Another monthâ€™s now in the bag, and Iâ€™m finally back on the monthly schedule! This month was relatively eventful thanks to the first trip I had taken to a major city in exactly two years. But thereâ€™s also covid stuff to rant about, because these posts really cannot stop being a thinly-veiled covid journal, why donâ€™t we just get on with it?
We took off for a road trip to Montreal over the Canada day long weekend. This was actually the destination of the aforementioned 2019 trip, but we really wanted a destination within driving distance (because cancelling air travel in the event covid surprises is a lot more complicated). The land border to the USA was and still is closed, so that further narrowed down the options.
Founded back in 1642, Montreal boasts a lengthy history and got the looks to boot. Many of the older buildings have an European air, and none more so than the cobblestone-lined streets of the old Montreal.
Mount Royal park looms over the city centre. While itâ€™s technically more of a hill than a real mountain, it might as well have been Mount Everest to my out-of-shape ass. Thereâ€™s quite a network of trails and paths up there, which means the locals who jog here must be absolutely jacked. The view at the top toward the downtown core is a real treat. The giant mural of the late Leonard Cohen is especially striking.
The Olympic park area is definitely the most photogenic area of the city This is where the Montreal Botanical Garden is situated. In addition to all manner of foliage, it also contains smaller themed gardens like the Chinese and Japanese Gardens, both of which are quite authentic.
The Olympic park area is also the home to the Biodome, a track cycling venue converted into an indoor nature exhibit showcasing five different climates in the Americas. It may not be the largest facility of its kind, but itâ€™s very densely packed with spectacular plants and critters. The gang of macaws perched a few meters away was an especially spectacular sight.
The true focus of the trip was the food. At the time, Quebec was ahead of Ontario in its business reopening schedule by a few weeks, so going to all the restaurants was like getting a head start on eating out.
There was a lot of comfort food. Smoked meat on rye, loaded burgers, bagels & lox…none of which was very healthy, and most of which was served with fried potatoes. Even the breakfast toast came with a salted pork spread! By the end of the four days my body was in open rebellion from the overindulgence, and letâ€™s just say I was glad to have made it home.
The entire trip felt like a post-pandemic experience, even though pandemic-era compromises still lingered. Masks had to be worn, some attractions (like the Notre Dame Cathedral) were still closed to tourists, and capacity limits were still enforced. Still, it felt like a big step back to normal, to take in leisure activities without the tinge of guilt for not being vigilant enough against the invisible enemy. It also felt like things would only get better from here on out (more on this later).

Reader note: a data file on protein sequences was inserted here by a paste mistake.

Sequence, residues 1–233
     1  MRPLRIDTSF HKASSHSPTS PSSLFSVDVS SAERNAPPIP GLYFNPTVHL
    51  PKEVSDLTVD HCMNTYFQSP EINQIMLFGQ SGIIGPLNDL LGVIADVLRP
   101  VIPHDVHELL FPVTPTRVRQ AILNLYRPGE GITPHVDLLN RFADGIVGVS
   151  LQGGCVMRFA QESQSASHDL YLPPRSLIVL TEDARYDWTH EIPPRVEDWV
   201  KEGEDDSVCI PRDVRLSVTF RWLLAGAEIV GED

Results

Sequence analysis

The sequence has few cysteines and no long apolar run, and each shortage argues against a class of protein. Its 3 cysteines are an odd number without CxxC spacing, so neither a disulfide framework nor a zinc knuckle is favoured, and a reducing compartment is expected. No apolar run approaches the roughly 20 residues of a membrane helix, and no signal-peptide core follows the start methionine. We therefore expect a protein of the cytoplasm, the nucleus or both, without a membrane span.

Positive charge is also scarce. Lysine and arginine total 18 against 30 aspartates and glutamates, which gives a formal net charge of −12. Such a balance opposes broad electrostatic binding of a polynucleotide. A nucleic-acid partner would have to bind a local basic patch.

We took it rather easy for the rest of the month. The wifeâ€™s niece turned 6 months old, I played a lot of Yakuza 7 and Red Dead Redemption 2, and we had omakase sushi at Sushi Nishinokaze to celebrate Ontarioâ€™s latest lifting of pandemic measures.
I am very glad the restaurant is still in business after seven months of being shut down, as this is the kind of food that does not translate well to take-out. Thereâ€™s nothing quite like good omakase sushi, and even though I can still scarf down cheap takeout sushi like no one elseâ€™s business, everyone who claims to enjoy sushi should give proper omakase a try sometime. Donâ€™t think of it as an expensive meal, but rather think of it as a night out at the theater — a theater where you get to devour the performers.
These days it seems like bad covid news is making the rounds yet again. As disappointing as the large infection numbers around the world have been, I am still optimistic that the situation will not fully unravel. There appears to be a sizable segment of society that has been vaccinated but is against continued covid restrictions, who views what is happening to the unvaccinated is simply the consequence of personal choices.
Unrelated: a Barbie exhibit in Montreal
Iâ€™m not so spiteful about the unvaccinated, but itâ€™s clear that herd immunity has not and most likely will never be reached. The vaccination campaigns in the first wave countries have more or less wrapped up, so the die has now been cast in countries like Canada and USA. Vaccine uptake has plateaued, and I donâ€™t expect too many of those to have resisted vaccinations to suddenly change their minds. Much like in 2020, authorities will still navigate the uneasy balance of public health, economy and political support. But unlike 2020 there is no promise of an ultimate solution to all the covid woes.
…But you know what? Guessing what happens makes my head hurt, Iâ€™m just going to give it a break and sit back and see what happens. Until next time!